DO MAKE USE of LINKS,
>SEARCH<
&
>Side Bars<
&
The Top Bar >PAGES<

~~~~~~~~~~#########~~~~~~~~~~

.
Was Neville Chamberlain just as set on war as Churchill? …
.
~~~~~~~~~~#########~~~~~~~~~~

Posted by:
Greg Lance – Watkins
Greg_L-W

eMail:
Greg_L-W@BTconnect.com

The BLOG:
https://InfoWebSiteUK.wordpress.com

The Main Web Site:
www.InfoWebSite.UK

~~~~~~~~~~#########~~~~~~~~~~

.

Hi,

unlike Peter Hitchens I would incline to the opinion that far from an ambition for war, which Churchill would seem to have had, it is far more likely that Chamberlain was well aware of the inevitability of war and as we were without a viable fighter command in the RAF at the time his action in delaying war provided the time to arm for war, which led to the outcome whereby eventually we won!

Had Churchill had his way there is little doubt that for all his ability as a Wartime Leader his utter ineptitude as a Prime Minister would have lost us the war within 10 days! Few at the time saw in him the abilities required of a Prime Minister, hence despite his success and popularity as a War Leader he was soon removed by the electorate after the war!

Was Neville Chamberlain just as set on war as Churchill?

telegraph - booker - greg - 06-jan-2019 01

I’d like to share this fascinating story told in last weekend’s ‘Sunday Telegraph’ by my friend Christopher Booker.  It has many enjoyable elements, being one of these doorways into the recent past which illuminate , for a brief moment, the truth about the present.

‘My friend Greg Lance-Watkins recalled how, in 1967, as a young officer cadet at Sandhurst, he boarded a packed train from London to Inverness, on which the only unoccupied seat was in the dining car. Seeing his uniform, the chap in the seat opposite invited him to sit down, and Greg recognised him as the former Prime Minister Alec Douglas-Home.’ 

It is rather wonderful to recall that there was a time when a former Prime Minister could travel unaccompanied on a train, and when members of the armed forces were still allowed to wear their uniforms in public,  not to mention a time when there were still dining cars on trains from London to Scotland.

Mr Lance-Watkins knew his history. He knew that Home had, long ago, been Neville Chamberlain’s Parliamentary Private Secretary and so present at one of the most important events of modern history, the Munich talks.

 

 Christopher Booker writes: ‘Greg quizzed him about the moment when Chamberlain, after leaving the aircraft at Heston Aerodrome, waved a piece of paper (which no one was allowed to see) and was greeted with cheers from the waiting crowd.

‘After hours without food in the unheated aircraft, the party then rushed back to Downing Street where, according to Home’s account, as Chamberlain was still taking off his coat, he said to senior colleagues who had gathered to greet him: “Gentlemen, prepare for war.” According to this story at least, far from being fooled by Hitler, Chamberlain had become just as aware of his true intentions as Churchill. By pretending otherwise, he bought another year for Britain to step up preparations for a war he now realised was inevitable.’

 

Well, that’s the way Christopher Booker puts it. I would go further. If Mr Lance-Watkins recollection was accurate, and if Home’s account is true, it tends to confirm my view, expressed in my book ‘The Phoney Victory’, that Chamberlain planned for and in fact sought war with Germany, and that our promise to come to Poland’s aid was a deliberate trigger to bring such a war about, and a device to prevent Poland from making a deal with Hitler over Danzig.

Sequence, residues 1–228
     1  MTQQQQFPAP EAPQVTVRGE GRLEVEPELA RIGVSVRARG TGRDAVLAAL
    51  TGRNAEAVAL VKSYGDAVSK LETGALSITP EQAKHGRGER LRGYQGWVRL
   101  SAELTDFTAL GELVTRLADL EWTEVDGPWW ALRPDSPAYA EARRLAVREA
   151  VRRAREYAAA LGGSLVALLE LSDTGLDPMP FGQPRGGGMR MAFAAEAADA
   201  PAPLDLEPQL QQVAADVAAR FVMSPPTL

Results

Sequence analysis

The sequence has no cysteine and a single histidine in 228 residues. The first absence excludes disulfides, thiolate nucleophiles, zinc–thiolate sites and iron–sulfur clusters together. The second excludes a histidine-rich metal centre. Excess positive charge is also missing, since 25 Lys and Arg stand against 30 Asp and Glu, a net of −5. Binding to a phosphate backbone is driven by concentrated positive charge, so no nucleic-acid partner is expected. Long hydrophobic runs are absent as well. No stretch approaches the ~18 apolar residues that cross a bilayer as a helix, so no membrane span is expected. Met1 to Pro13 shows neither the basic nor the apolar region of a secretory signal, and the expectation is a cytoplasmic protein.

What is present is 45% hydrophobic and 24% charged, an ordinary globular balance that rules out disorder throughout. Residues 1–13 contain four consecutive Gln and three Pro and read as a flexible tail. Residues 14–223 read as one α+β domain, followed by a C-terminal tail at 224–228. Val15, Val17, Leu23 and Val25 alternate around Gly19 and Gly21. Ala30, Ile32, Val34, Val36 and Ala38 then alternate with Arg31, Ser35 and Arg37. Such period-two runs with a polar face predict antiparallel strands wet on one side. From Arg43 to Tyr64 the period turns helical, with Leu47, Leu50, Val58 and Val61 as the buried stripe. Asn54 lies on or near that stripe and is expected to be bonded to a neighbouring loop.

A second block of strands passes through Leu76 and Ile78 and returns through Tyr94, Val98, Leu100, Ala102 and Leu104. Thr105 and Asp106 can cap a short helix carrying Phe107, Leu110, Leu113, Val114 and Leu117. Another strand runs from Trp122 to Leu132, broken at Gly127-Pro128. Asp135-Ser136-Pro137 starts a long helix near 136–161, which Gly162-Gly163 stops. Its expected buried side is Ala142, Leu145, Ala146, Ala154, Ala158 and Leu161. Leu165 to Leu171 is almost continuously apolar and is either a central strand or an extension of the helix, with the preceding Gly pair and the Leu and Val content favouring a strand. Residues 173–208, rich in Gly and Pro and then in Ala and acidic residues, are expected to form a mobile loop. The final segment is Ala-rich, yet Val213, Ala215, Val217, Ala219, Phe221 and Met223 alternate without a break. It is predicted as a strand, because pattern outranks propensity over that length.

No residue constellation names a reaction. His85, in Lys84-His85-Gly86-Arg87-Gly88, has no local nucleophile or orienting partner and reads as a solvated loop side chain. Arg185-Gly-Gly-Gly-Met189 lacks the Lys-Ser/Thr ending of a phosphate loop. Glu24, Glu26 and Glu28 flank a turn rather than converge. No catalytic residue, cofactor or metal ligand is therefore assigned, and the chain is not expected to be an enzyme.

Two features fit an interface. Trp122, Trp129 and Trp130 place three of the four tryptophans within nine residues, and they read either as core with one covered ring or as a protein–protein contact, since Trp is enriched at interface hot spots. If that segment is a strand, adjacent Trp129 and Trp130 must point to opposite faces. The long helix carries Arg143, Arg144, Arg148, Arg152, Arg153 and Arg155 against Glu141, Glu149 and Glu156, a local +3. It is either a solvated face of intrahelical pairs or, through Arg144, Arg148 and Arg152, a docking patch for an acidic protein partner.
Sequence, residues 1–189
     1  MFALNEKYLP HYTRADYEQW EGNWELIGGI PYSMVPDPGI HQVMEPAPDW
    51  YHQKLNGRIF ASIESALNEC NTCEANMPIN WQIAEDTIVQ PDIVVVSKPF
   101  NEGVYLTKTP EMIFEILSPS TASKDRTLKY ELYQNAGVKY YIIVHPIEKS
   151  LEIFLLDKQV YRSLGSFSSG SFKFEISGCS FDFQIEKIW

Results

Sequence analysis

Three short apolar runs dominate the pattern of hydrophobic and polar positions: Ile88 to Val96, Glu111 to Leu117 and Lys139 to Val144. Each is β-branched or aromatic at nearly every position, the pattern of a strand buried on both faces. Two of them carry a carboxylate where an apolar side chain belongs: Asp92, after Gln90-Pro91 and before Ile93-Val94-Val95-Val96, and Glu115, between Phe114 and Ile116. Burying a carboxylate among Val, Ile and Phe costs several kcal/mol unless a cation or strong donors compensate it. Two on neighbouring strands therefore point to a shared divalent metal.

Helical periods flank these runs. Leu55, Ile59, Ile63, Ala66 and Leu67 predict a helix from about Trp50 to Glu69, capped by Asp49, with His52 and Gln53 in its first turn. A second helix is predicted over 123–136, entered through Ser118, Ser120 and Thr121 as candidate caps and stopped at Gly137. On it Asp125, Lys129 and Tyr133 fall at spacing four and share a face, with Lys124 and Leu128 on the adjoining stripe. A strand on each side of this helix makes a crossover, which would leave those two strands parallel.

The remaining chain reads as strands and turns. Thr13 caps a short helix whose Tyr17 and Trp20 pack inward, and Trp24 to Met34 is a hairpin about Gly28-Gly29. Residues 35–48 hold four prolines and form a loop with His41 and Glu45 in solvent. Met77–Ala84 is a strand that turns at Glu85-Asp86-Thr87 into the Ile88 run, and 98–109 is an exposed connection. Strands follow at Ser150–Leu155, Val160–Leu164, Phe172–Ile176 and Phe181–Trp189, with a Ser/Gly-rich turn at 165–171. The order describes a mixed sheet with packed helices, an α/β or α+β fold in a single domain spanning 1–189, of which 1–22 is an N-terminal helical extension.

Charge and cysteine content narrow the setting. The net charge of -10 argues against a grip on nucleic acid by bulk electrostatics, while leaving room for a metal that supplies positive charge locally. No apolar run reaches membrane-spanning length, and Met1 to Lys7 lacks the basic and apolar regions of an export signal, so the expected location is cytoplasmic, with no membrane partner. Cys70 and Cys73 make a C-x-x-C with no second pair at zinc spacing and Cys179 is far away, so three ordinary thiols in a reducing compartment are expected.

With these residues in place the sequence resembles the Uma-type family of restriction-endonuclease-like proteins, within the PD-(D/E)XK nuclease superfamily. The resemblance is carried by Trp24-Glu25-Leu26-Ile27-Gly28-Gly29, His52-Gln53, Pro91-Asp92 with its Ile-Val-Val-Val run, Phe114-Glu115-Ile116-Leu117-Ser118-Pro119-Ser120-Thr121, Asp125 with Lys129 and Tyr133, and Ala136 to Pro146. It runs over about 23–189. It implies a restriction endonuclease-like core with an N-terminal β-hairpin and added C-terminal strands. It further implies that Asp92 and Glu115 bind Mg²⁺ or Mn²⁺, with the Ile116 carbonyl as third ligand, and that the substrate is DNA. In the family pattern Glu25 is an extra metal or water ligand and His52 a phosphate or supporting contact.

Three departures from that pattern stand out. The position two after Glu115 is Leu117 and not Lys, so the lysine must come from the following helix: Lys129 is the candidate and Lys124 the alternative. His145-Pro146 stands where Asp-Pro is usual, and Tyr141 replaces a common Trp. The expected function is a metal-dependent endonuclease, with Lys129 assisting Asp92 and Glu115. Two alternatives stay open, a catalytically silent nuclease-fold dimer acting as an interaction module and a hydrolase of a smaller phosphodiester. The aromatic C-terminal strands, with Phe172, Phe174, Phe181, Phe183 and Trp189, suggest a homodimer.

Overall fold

What it completely explodes is the view commonly held ( and one which I used to hold myself) that Chamberlain was fooled by Hitler at Munich. Though of course it makes perfect sense, if Chamberlain (rightly) grasped that Britain was in no state to fight any sort of war in September 1938, and nor was France, that he would be wise to keep his warlike ambitions as secret as possible.

 

What I would really like is some further confirmation of this.  

To view the original article CLICK HERE

 

I’m not a Churchill hater-but-it always seemed to me very unfair that after bringing in huge cuts, especially to the navy as chancellor of the exchequer he was the one criticising the government just as the full consequences of the cuts were becoming apparent. It’s time to end the guilty men interpretation of Chamberlain.

Credible though this is, it still doesn’t explain why they ultimately embroiled us in a fight we couldn’t win alone, and as Churchill later described, “…at the worst possible time and on the least favourable grounds” (I may have accidentally paraphrased that quote slightly as I don’t have it to hand). Surely even Chamberlain and his cabinet understood this at the time themselves? Therefore why make the pledge, when staying out as long as possible would’ve been the best course of action for the time being?

“Chamberlain had known form the start that the Polish guarantee left the timing of war in the hands of Warsaw, but that didn’t matter to him because its main aim was to stop a Polish-German pact, and in any case he thought the war would be, like WW1, a war of stalemate and blockade in which Poland would hold out for a good deal longer than it did, and the USSR could be persuaded to join our side.”

The Deputy Chiefs of Staff (Tom Phillips, Henry Pownall (for DCIGS) and John Slessor (for DCAS), writing on 16 August 1939, were very clear that without immediate Soviet assistance, which the Polish gvt did not want, Poland would go down in a very brief time, and the DCoS advocated that HMG apply heavy pressure on Polish gvt to persuade them to accept Soviet assistance. Admiral Sir Reginald Drax, then in Moscow, estimated that Poland would last 2 weeks without Soviet assistance. In view of this, where did Chamberlain get the idea that Poland could hold out longer than it did (and as long as Drax estimated)?

It would be no surprise to confirm that Chamberlain had decided well before the Polish Guarantee that Hitlerism needed to be confronted. Chamberlain may even have been aware at Munich that if Britain was militarily weak, Germany’s forces were also weak. But he put off the confrontation because he sensed there was little public support for war, and also that France might fail to support a war in 1938. Despite PH’s snide sniping at Chamberlain, his attempt to paint him as a warmonger doesn’t convince me.

@Frank Finch:
***I dispute your choice of words and the slant of your argument when you refer to Chamberlain’s “warlike ambitions”. It’s perhaps a bit subtle but you imply that war was something he wanted. “Resignation to the necessity of war” is a better way to put it.***